“Oh, so it’s a lifestyle.”

Those were the words uttered by one of my co-workers recently as we climbed into the Jeep on the way to a lunch meeting, and she spotted my wife’s baseball cap perched on the dashboard.

The bright orange cap has the word “Jeep” emblazoned on it in raised, navy blue lettering. Yes, a Jeep hat for when my wife is driving or riding in the Jeep. It’s important to stay on-brand, I suppose.

Not that I blame her. My wife, Christina, has been Jeep crazy for long enough. She’s been waiting a while to pair the cap and the vehicle.

We’ve been keeping company for a little while now — we started dating 23 years ago, and we’ve been married for almost 17 years — and for as long as I’ve known her she’s always said she wanted a “real” Jeep (i.e. a Wrangler-type version.)

Why? Well, because they’re cool, I guess. I think she envisioned herself like Linda Hamilton at the end of the first Terminator movie, blasting through the desert out west in a Jeep with the top down, the warm breeze blowing through her hair as a dog stretched out across the back seat. I assume being pursued by a murderous, time-traveling cyborg wasn’t part of what my wife envisioned, but you get my point.

But, for whatever reason, as time went by, it just never came together for us to get a Jeep. We’ve bought and sold and traded a number of cars through the years, and at each changeover, we looked for something that seemed practical to our needs at the time. The result was a string of various and sundry sedans and SUVs and crossovers, some of which we’ve liked more than others. But the Jeep remained elusive, with factors such as gas mileage and space (especially when my daughter was very young and a car trip with her meant hauling a metric ton of baby bear and other bags) weighing in the decision to put off going for one.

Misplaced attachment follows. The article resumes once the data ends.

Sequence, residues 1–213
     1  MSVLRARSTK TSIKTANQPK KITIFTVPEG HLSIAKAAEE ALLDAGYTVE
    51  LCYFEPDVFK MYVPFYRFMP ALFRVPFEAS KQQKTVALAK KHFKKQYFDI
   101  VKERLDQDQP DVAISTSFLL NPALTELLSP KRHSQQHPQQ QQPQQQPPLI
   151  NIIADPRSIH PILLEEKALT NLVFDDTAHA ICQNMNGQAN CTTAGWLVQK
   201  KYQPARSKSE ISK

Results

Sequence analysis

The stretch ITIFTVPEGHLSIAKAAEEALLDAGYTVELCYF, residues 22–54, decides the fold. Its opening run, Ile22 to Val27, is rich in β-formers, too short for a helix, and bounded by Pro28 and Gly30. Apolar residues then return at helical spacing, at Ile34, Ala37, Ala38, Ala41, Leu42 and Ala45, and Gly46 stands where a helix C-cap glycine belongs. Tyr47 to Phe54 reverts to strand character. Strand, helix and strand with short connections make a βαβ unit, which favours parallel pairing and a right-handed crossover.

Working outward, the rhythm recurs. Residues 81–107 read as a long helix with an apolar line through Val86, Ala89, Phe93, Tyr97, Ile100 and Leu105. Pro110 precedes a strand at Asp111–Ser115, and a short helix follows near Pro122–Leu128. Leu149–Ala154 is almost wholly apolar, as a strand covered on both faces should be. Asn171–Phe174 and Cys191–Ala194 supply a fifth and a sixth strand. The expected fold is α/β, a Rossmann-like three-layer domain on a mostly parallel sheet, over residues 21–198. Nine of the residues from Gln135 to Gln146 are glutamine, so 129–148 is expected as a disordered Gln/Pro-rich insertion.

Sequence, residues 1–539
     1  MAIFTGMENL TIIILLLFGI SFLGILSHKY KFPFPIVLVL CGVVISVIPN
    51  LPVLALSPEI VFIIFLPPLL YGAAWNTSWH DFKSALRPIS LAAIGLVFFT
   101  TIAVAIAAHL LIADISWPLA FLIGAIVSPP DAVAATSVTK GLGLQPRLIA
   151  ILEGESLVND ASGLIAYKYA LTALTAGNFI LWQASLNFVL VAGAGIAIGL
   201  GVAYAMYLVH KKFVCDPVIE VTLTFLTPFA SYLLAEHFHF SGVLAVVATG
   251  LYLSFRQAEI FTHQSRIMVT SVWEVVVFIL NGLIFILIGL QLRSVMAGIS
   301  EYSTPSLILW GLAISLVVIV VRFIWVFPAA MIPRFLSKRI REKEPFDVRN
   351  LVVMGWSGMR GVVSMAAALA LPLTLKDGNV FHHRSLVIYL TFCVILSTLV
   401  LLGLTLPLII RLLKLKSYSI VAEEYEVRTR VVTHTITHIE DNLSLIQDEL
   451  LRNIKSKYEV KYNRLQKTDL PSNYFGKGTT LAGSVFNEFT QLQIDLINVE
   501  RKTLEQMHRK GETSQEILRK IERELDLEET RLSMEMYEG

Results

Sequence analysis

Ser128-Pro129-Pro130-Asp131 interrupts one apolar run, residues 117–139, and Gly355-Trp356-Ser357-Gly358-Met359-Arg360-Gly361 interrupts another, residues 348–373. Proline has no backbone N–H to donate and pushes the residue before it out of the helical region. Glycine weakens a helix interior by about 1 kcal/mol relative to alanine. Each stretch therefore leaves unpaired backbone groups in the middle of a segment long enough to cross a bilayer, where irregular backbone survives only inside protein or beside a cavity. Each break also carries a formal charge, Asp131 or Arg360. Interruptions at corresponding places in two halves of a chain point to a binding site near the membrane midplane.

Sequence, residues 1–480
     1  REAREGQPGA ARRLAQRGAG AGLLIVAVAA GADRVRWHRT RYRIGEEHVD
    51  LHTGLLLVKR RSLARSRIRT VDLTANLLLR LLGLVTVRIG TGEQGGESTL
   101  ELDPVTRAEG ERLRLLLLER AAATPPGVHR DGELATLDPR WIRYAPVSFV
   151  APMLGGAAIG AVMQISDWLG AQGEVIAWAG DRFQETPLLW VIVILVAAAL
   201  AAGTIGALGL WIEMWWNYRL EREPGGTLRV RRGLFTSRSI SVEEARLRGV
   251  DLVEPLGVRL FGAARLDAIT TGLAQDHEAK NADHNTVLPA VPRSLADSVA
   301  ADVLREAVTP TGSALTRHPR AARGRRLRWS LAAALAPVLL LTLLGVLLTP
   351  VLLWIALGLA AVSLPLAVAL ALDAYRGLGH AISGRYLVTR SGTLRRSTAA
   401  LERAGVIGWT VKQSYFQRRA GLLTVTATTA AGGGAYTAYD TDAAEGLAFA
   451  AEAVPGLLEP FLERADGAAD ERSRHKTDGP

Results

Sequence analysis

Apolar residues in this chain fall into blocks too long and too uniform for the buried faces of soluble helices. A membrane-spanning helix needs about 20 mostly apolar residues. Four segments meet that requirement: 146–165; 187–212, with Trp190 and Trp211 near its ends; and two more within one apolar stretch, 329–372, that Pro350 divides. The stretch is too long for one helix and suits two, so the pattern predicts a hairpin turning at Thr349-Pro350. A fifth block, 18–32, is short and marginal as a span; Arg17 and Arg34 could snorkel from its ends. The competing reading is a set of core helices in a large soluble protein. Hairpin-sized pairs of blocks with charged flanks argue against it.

That changed about a year ago. After two decades of pining, my wife finally decided to pull the trigger on a Jeep. She got a 2016 Wrangler Sahara. Yes, Sahara, because you know we’ll be driving that sucker across the sands of the Sahara at some point. And, yeah, it’s got four-wheel drive. You know, so we can navigate it into the parking lot at Publix. Nothing necessitates four-wheel drive quite like that Sunday afternoon trip to Target.

While I’m not sure whether my wife has yet found her inner Linda Hamilton, it is fun to drive around on a nice day with the roof off. She gets some of that “wind in her hair” action. My bald head just gets a sunburn. But it’s a fun sunburn. Call it a funburn.

What I did not know before we got the Wrangler is that there is a whole Jeep lifestyle. My wife has joined Jeep enthusiast groups on Facebook and other sites, and she’s gotten the aforementioned hat and other clothing and gear.

And then there’s the wave.

Apparently, if two Jeep Wranglers pass one another in the road, the drivers are supposed to acknowledge each other with a “Jeep wave.” Basically you flash your thumb, index and middle fingers, which I think is supposed to look like a “J.”

You’re supposed to throw the Jeep wave in a cool and casual manner. My wife and daughter pick on me because I end up looking like Mr. Spock from Star Trek giving his “live long and prosper” hand signal.

So my wife finally got her Jeep, and it’s been a year of wind-blown rides, hats and other accessories, trading stories on Jeep websites, “funburns,” and off-road adventures to, um, the local movie theater.

Give me another year and I’ll have the Jeep wave down.

Chris Trainor is a contributing columnist for the Index-Journal. Contact him at ChrisTrainorSC@yahoo.com. You can follow him on Twitter @ChrisTrainorSC. Views expressed in this column are those of the writer only and do not represent the newspaper’s opinion.